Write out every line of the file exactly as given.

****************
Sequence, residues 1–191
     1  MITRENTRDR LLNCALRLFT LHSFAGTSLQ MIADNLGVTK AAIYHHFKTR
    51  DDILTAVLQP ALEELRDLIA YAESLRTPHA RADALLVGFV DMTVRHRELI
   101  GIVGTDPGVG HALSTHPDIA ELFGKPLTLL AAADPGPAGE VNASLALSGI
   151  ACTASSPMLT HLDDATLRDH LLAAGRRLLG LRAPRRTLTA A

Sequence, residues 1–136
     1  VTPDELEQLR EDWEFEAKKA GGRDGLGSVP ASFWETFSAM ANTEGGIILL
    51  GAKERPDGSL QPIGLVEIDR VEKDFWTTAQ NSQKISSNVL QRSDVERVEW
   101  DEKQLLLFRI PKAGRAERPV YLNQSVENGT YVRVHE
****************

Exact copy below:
Sequence, residues 1–191
     1  MITRENTRDR LLNCALRLFT LHSFAGTSLQ MIADNLGVTK AAIYHHFKTR
    51  DDILTAVLQP ALEELRDLIA YAESLRTPHA RADALLVGFV DMTVRHRELI
   101  GIVGTDPGVG HALSTHPDIA ELFGKPLTLL AAADPGPAGE VNASLALSGI
   151  ACTASSPMLT HLDDATLRDH LLAAGRRLLG LRAPRRTLTA A

Sequence, residues 1–136
     1  VTPDELEQLR EDWEFEAKKA GGRDGLGSVP ASFWETFSAM ANTEGGIILL
    51  GAKERPDGSL QPIGLVEIDR VEKDFWTTAQ NSQKISSNVL QRSDVERVEW
   101  DEKQLLLFRI PKAGRAERPV YLNQSVENGT YVRVHE